- Earned income tax credit: The earned income tax credit is a federal tax credit for low- and moderate-income working families and individuals—it is designed to encourage and reward work, as well as to offset federal payroll and income taxes. This credit is the largest cash or near cash assistance program targeted at low-income families and refunds an average of $2,240 per family.
- American Opportunity Tax Credit: Set forth in the American Recovery and Reinvestment Act of 2009, the American Opportunity Tax Credit gives working families and students a $2,500 per year tax credit for students attending college. This tax credit helps provide relief for those pursuing their first four years of college and affects 11 million families. More than 70 percent of black students receive need-based financial aid to attend college, compared with 40 percent of white students, meaning that black Americans are more likely to benefit from financial incentives to spur college attendance, making credits like this particularly crucial.
The possibility of deep cuts to the unemployment provision is deeply troubling for communities of color because they are still facing many obstacles in regaining the job losses from the Great Recession. As of October 2012 the unemployment rate for Latinos is 10 percent, and a staggering 14.3 percent for African Americans. Although blacks and Latinos are less likely to receive unemployment benefits—23.8 percent and 29.2 percent, respectively, compared to 33.2 percent for whites, due to low levels of education, concentration in occupations or industries where workers are less likely to be covered, and short tenure on jobs—unemployment benefits remain a lifeline for far too many low-income households.
According to the National Employment Law Project, an estimated 2 million people stand to lose their benefits in January if Congress doesn’t extend the deadline to file for extended benefits.
Federal nutrition programs
The Special Supplemental Nutrition Program for Women, Infants, and Children—a federal nutrition-assistance program for poor pregnant and breastfeeding mothers and their very young children—is among the programs that would face automatic cuts if an agreement is not reached. This program, which would be cut by $543 million, has had a significant impact on all communities, but particularly among Latinos, who make up a large share of the program participants. In 2008 more than 4 million Latino women and children received assistance from the program, representing 42.1 percent all women, infants, and children in the program, according to the National Council of La Raza. Nutrition-assistance programs are also crucial for African Americans, who make up about 19.6 percent of WIC program participants.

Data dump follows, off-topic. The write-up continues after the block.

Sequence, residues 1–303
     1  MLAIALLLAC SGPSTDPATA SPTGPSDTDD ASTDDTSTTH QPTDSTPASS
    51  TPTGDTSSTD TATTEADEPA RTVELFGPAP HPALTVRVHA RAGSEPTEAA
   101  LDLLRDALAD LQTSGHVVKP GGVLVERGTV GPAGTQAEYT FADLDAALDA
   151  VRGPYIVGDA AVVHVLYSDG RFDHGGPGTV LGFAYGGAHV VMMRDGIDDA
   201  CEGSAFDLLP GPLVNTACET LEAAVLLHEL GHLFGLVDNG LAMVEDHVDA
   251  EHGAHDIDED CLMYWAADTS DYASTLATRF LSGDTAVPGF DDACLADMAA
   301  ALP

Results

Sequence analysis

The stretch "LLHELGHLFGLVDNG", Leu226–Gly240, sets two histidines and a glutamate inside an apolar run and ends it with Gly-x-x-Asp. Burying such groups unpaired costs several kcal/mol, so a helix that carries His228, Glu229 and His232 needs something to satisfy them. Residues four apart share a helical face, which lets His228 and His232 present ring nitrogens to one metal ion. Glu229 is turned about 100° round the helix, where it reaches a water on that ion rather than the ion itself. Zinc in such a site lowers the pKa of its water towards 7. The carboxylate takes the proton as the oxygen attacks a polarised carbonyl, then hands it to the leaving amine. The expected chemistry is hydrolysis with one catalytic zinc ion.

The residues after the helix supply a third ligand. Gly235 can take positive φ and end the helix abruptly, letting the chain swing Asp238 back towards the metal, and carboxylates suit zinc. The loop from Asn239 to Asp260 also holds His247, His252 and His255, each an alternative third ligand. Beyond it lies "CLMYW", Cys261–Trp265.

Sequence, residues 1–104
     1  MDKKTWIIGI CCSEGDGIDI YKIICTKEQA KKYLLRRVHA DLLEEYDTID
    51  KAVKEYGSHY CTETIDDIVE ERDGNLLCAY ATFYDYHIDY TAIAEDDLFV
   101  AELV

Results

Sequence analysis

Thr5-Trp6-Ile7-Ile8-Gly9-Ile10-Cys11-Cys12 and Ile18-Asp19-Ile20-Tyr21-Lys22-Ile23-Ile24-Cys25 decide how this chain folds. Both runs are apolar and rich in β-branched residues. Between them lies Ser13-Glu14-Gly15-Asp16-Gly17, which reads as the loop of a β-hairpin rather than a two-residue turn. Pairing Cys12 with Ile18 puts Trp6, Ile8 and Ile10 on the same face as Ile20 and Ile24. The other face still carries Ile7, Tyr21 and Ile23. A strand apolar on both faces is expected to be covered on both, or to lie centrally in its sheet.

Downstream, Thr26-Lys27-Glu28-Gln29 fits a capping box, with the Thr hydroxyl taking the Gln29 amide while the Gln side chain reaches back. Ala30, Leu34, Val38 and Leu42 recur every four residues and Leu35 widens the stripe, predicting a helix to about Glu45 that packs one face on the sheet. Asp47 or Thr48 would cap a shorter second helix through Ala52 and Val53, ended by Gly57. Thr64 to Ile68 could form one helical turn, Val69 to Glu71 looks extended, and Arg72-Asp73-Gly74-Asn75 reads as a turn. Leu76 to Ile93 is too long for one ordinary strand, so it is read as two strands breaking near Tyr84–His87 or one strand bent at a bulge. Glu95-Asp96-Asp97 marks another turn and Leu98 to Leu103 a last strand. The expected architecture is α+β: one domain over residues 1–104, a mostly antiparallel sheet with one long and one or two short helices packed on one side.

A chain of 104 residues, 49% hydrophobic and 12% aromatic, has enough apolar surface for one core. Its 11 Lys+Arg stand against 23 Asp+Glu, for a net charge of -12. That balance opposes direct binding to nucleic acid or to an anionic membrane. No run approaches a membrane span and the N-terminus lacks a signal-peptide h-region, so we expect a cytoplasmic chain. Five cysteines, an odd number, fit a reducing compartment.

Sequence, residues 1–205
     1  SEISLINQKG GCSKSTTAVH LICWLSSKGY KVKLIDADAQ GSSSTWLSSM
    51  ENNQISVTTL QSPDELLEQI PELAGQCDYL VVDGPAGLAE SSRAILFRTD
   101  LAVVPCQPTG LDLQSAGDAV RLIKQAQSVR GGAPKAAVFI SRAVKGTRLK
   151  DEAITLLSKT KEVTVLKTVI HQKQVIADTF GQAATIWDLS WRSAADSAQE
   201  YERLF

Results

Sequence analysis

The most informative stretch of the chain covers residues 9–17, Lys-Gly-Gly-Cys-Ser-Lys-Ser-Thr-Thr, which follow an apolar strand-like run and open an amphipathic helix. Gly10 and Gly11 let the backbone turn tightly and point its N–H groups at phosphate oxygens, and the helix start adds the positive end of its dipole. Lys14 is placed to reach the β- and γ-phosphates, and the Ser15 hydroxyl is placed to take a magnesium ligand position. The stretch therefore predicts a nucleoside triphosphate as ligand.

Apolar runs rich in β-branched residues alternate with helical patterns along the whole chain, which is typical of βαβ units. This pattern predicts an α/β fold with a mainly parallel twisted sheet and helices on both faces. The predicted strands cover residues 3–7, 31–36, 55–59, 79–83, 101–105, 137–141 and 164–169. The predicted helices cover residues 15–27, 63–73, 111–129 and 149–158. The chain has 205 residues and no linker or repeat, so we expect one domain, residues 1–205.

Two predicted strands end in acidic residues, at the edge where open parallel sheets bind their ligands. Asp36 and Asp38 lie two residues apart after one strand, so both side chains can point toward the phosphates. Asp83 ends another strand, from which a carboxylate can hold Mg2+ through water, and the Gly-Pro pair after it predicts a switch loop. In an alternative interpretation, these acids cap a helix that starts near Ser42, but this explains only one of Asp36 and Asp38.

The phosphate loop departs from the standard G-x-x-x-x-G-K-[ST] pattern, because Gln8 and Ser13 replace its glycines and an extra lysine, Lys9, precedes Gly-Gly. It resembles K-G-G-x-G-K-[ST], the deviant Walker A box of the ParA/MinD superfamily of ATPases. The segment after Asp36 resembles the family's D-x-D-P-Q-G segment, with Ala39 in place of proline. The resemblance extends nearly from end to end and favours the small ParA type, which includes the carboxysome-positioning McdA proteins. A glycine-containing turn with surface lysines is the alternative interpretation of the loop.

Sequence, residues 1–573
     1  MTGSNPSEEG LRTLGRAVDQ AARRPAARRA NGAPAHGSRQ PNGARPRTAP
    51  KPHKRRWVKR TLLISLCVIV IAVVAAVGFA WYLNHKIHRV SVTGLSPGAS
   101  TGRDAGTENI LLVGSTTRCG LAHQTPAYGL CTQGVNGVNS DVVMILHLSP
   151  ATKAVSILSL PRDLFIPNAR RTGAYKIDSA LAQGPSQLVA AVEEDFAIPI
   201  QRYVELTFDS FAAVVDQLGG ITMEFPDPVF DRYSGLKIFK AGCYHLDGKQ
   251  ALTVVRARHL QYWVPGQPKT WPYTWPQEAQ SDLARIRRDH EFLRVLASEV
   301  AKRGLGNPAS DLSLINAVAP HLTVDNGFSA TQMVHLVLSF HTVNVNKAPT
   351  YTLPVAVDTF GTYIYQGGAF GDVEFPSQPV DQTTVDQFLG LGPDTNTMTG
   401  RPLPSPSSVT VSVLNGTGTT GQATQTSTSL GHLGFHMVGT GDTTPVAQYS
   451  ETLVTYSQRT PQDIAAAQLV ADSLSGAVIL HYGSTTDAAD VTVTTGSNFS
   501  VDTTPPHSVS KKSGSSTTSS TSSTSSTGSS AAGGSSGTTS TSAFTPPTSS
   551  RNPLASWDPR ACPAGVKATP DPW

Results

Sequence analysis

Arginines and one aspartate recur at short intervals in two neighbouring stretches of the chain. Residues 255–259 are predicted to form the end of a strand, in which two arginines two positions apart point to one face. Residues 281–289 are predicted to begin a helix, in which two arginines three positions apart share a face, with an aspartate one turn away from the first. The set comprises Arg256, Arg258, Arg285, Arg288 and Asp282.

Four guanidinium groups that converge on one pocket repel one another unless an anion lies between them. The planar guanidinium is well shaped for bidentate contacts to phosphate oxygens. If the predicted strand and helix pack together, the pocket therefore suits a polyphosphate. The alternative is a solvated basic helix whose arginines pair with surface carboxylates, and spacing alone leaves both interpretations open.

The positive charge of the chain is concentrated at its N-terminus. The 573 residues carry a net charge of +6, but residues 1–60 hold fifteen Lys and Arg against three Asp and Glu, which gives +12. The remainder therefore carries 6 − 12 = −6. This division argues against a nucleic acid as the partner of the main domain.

A longitudinal study of the program’s participants found that accessing services reduced acute hunger and household food insecurity among pregnant women and children.
Job-training programs across the board will be deeply affected by the cuts triggered by sequestration. Among them, the Workforce Investment Act, Job Corps, and the Veterans’ Employment and Training Service will see their funding significantly cut.
According to Secretary of Labor Hilda Solis:
In terms of job-training programs, we are looking at a hit of about $500 million to our workforce system, and also the inability … of being able to reach 1.7 additional participants. And, of course, you and I know … in a time of high unemployment, that is not a good sign. With respect to veterans, which I know this subcommittee is very focused on as well, we are looking at a reduction of about $13 million overall in the efforts to try to find employment services and provide that for veterans.
The Workforce Investment Act state grants provide employment and training services to underemployed adults as well as youth who have dropped out of high school and want to go back to school or enter the labor market. According to a report by Sen. Tom Harkin (D-IA), 413,500 fewer people would receive services across the country if the sequestered cuts would take effect. Job Corps is an education and training program that helps young people learn a career, earn a high school diploma or GED, and find and keep a good job. Similarly, more than 4,300 fewer youth would receive training from the program under the proposed cuts.
Unemployment rates among youth of color (ages 16 to 24) are staggering. According to the Bureau of Labor Statistics, as of July 2012, 28.6 percent of black youth and 18.5 percent of Hispanic youth were unemployed, compared to 14.9 percent of their white peers. The youth participants in these programs are the nation’s future workforce and it’s crucial that we invest in these growing communities now, instead of gutting the programs that are preparing them to be contributing members of the workforce.